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Flushing the Radiator

post #1 of 13
Thread Starter 
Are there any multimedia (video/pictures) tutorials that could show me step-by-step how to flush the radiator? Is it required to use a pump?

Is it necessary to also flush the CPU/GPU blocks? Is that done in the same fashion?

Thanks for your help
post #2 of 13
- Drain the water out of the radiator.

- Put some vinegar + hot water inside your radiator.

- Let it sit for an hour or so.

- Drain the Mix.

- Flush with distiller water a couple of times.

- CPU GPU block is the same.
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post #3 of 13
I think Xyelz is using all new components so no need to flush the blocks imho.

If you use vinegar do no use too much. Also dont use too hot water. It might soften powder coating of the rad which again might result in peeling og scratches. Imo dont go over 60C.

When I flushed my rads I used tap water. Filled the rad half full. Closed holes with plugs and shook like crazy. Them emptied it and repeated. Empty it in a bowl so you can check for debris/dirt each flush. When the water is 100% clean flush a few times more for safety. Then make 2-3 flushes with destilled.


/Nordar
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post #4 of 13
You're afraid the paint is going to peel off from hot water, really?
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post #5 of 13
Thread Starter 
Quote:
Originally Posted by tsm106 View Post
You're afraid the paint is going to peel off from hot water, really?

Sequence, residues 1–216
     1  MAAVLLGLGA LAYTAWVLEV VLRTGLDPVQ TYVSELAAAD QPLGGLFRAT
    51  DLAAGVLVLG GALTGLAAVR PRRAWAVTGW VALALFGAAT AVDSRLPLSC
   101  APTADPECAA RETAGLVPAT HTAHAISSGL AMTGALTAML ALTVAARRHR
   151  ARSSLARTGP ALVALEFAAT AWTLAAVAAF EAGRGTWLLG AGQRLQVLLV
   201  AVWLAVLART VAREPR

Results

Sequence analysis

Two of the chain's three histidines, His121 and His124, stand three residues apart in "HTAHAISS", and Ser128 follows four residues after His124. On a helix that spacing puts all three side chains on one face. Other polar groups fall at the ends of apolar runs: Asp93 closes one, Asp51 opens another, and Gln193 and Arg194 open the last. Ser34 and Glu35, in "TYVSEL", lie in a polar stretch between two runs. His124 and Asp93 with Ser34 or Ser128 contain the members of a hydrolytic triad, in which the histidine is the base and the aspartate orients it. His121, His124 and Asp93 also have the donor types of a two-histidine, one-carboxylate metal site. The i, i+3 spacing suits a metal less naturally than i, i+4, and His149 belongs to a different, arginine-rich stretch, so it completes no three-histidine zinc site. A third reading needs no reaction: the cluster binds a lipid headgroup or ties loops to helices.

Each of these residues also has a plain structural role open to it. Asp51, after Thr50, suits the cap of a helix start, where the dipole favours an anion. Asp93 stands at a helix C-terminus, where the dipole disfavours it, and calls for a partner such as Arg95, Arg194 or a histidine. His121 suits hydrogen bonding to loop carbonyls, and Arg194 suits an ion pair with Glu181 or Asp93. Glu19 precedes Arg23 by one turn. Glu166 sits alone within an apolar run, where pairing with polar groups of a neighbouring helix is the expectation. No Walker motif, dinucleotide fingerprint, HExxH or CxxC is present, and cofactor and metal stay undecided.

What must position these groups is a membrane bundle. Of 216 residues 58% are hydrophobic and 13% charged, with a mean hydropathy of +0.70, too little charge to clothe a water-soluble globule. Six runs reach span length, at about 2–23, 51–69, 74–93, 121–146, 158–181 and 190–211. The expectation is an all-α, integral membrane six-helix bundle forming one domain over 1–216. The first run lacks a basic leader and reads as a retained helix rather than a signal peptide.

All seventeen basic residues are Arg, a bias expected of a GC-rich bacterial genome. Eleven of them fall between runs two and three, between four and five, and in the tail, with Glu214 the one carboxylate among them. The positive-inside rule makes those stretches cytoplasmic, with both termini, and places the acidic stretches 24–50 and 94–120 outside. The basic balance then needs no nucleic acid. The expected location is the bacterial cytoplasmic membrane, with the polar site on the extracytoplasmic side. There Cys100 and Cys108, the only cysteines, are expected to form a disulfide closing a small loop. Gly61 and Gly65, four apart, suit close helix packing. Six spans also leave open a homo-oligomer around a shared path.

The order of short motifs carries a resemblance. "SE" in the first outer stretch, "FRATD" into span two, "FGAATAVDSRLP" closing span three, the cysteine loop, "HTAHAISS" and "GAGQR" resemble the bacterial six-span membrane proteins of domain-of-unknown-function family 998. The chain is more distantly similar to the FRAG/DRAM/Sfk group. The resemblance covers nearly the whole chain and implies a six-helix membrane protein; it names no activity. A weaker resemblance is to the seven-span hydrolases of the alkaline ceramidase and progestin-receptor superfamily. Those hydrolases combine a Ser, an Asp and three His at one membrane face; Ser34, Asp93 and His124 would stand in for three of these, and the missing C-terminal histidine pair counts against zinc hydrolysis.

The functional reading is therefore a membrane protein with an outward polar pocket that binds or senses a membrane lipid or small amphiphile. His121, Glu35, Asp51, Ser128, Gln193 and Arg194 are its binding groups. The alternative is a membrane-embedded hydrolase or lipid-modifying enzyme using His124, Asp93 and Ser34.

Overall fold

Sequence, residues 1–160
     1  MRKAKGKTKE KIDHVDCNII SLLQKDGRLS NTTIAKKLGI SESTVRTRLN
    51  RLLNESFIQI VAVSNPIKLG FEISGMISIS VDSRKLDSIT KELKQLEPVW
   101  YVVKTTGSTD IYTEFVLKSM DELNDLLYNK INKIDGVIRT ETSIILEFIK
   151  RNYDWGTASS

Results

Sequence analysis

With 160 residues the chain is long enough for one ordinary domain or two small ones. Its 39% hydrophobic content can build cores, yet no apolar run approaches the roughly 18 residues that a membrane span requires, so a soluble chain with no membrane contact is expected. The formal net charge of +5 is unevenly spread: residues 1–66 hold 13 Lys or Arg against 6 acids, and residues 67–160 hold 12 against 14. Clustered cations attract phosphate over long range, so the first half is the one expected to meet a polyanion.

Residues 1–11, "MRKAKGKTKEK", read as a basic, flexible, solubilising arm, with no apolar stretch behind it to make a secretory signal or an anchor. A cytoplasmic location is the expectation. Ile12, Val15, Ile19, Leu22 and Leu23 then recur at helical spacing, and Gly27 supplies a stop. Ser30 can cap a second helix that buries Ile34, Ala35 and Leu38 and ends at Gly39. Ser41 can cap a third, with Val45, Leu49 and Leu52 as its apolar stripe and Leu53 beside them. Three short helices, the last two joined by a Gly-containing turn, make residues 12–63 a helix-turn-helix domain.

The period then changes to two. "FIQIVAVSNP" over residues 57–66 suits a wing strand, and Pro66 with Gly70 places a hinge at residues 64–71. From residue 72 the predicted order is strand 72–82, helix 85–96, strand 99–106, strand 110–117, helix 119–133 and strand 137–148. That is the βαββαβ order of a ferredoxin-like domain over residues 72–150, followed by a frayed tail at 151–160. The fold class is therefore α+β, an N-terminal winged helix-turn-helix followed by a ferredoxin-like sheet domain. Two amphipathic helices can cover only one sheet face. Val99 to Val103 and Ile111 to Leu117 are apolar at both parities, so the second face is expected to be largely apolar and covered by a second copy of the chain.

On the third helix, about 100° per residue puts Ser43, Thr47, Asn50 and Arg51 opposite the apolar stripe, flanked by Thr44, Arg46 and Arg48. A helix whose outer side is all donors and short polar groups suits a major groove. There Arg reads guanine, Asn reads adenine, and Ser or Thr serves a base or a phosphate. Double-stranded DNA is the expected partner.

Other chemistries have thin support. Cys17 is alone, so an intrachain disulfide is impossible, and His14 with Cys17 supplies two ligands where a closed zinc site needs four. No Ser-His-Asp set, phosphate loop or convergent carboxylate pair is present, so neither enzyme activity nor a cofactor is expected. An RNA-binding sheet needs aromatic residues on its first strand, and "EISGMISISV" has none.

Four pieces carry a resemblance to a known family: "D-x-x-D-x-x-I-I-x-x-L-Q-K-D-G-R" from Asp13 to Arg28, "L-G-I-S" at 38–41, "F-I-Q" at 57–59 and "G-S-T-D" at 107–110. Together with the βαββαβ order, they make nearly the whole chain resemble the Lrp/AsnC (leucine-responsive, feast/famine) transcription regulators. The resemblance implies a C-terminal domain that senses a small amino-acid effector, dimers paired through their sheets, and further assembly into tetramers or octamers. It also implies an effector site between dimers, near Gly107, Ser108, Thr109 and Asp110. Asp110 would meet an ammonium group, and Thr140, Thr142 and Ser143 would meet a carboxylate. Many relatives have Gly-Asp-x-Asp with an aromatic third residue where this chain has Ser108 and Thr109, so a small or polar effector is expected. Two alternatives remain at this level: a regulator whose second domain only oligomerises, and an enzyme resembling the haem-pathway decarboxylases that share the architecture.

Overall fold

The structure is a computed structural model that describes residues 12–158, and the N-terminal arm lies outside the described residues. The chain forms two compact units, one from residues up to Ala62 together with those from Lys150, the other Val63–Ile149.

Better to be safe than sorry mate .

So I don't need to hook any tubing up though? That's a relief!

Thanks a lot guys
post #6 of 13
Quote:
Originally Posted by xyeLz View Post
Better to be safe than sorry mate .

So I don't need to hook any tubing up though? That's a relief!

Thanks a lot guys
Quick way is to put a barb on and a length of hose and hold one end to the faucet and the hose to barb on other and run... HOT WATER. Believe it or not, it won't harm a thing.

How water sucks on your hands be careful.
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post #7 of 13
Quote:
Originally Posted by tsm106 View Post
You're afraid the paint is going to peel off from hot water, really?
On my XSPC the coating peeled around the inlet/outlet holes and a bit on one of the sides when I flushed it with water that I boiled and let sit for 5-10 minutes in the kettle. The XSPC in question is the version with matt coating.






It is as if the coating got soft while hot.


/Nordar
Edited by Nordar - 2/5/11 at 1:14am
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post #8 of 13
Quote:
Originally Posted by tsm106 View Post
Quick way is to put a barb on and a length of hose and hold one end to the faucet and the hose to barb on other and run... HOT WATER. Believe it or not, it won't harm a thing.

Hot water sucks on your hands be careful.
I thought about doing that but I was afraid I'd get mineral deposits. When I fill the sink in my house with hot water from the tap it's a milky white colour initially, then turns clear as the minerals settle to the bottom. Wouldn't want that in my radiator.
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post #9 of 13
What you wanna do and dont be afraid is take the rad into the bathroom and bring a clear glass with you. Turn on the hot water and let it get as hot as it can the run it through the radiator, once its full shake it up for a min and pour it into the glass. You should see some stuff floating in the glass just keep repeating until there is not longer anything floating in the glass. When you are done feel free to rinse it out with any liquid of your choosing.
Edited by microman - 2/5/11 at 9:59am
    
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post #10 of 13
Quote:
Originally Posted by Davs View Post
I thought about doing that but I was afraid I'd get mineral deposits. When I fill the sink in my house with hot water from the tap it's a milky white colour initially, then turns clear as the minerals settle to the bottom. Wouldn't want that in my radiator.
The milky white is more likely to be due to tiny bubbles in the water which slowly make their way to the surface, rather like a Guiness. If it was minerals then you would see sediment at the bottom.

You are not going to get deposits from flushing with hot water, just rinse with distilled after.
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